To Islamists, the world is both repressive and wrong. The current world doesn’t correspond to Islamic political ideology and principles; furthermore, Islam is no longer the predominant power. They also do not like that non-Muslims occupy Muslim territory and that some Muslims live under an anti-Islamic government. To make the world right, Islamists want to restore the Caliphate. They view it as the first step towards the ‘Islamisation’ of the world.

Their options for reaching their goals see no end. They use peaceful indoctrination, expansion through propagation, and even violent methods such as terrorism and massacre. However, the use of violence is not customary. Most do not use violence, and only a small number of Islamists are extremely violent. The Islamic Liberation Party in Europe is an excellent example of an Islamist group that is non-violent.

Islamist Movement

Islamic movement refers to religious and political organizations guided by the principles of Islam. They are often characterized as anti-modern or driven by a pre-modern ideology that poses a threat to the Western way of life.

Throughout the 1990s, Islamic movements were always seen as a threat to the West. Western scholars believed that Islam posed a political, demographic, and civilizational threat to the world.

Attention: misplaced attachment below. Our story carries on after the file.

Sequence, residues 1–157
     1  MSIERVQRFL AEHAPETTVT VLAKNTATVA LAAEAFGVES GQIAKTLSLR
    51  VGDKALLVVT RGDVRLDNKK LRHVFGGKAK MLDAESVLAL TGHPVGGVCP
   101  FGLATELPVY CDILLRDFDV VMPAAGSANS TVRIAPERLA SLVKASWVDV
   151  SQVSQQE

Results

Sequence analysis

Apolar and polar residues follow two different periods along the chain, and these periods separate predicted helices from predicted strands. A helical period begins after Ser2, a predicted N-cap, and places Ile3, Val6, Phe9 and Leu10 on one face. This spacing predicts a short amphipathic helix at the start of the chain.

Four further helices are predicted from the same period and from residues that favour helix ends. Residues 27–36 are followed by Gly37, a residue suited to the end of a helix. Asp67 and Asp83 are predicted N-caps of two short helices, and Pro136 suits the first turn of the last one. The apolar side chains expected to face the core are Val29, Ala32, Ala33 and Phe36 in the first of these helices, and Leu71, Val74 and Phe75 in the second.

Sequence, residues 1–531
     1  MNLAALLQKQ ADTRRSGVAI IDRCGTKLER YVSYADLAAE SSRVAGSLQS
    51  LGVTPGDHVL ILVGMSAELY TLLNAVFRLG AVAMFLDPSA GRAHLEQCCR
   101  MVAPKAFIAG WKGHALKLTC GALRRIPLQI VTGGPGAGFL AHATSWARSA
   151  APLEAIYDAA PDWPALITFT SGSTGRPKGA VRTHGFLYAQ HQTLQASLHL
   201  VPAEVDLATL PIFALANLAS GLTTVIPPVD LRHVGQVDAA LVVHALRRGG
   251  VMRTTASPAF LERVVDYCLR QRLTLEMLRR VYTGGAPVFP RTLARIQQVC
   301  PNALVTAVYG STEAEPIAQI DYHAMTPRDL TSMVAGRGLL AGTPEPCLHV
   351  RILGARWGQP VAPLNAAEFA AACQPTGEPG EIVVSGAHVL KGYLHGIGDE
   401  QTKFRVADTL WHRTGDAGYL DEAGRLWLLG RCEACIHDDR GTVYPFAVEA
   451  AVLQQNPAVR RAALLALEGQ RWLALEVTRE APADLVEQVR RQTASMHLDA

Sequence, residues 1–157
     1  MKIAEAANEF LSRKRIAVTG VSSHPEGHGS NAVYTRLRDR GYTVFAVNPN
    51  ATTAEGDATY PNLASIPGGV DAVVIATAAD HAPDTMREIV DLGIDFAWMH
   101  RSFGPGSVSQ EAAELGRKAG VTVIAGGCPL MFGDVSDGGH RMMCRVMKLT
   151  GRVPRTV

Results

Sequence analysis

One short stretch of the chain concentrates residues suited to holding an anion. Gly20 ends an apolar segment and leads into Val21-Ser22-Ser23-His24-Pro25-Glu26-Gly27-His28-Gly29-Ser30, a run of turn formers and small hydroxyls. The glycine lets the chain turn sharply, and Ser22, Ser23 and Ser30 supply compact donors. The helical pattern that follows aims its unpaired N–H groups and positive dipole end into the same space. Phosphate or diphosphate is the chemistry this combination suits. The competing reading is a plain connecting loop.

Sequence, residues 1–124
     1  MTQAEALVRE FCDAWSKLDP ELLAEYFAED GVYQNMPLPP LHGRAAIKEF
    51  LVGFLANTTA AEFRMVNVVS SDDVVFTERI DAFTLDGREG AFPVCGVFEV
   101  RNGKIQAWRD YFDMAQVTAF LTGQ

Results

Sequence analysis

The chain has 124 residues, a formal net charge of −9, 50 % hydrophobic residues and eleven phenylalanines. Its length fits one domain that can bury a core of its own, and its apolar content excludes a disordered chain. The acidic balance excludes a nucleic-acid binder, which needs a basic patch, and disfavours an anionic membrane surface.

History

The Islamist movement started in the late 19th century. This happened when the Islamic world is undergoing a massive transformation as it engages with Enlightenment and modernity ideas. This is followed by mass literacy and the rise of print technology which facilitated the spread of new ideas and offered more people access to Islamic materials, including the Qur’an. The increase in these educational materials undermined religious scholars’ authority known as the ulama, who frequently taught their interpretations of the scripture.

It also saw its decline during the peak of Western colonialism. Before the West was considered the leader in scientific achievement and intellectual endeavor, the Islamic world was the most influential. It led to the intellectual movement in various institutions.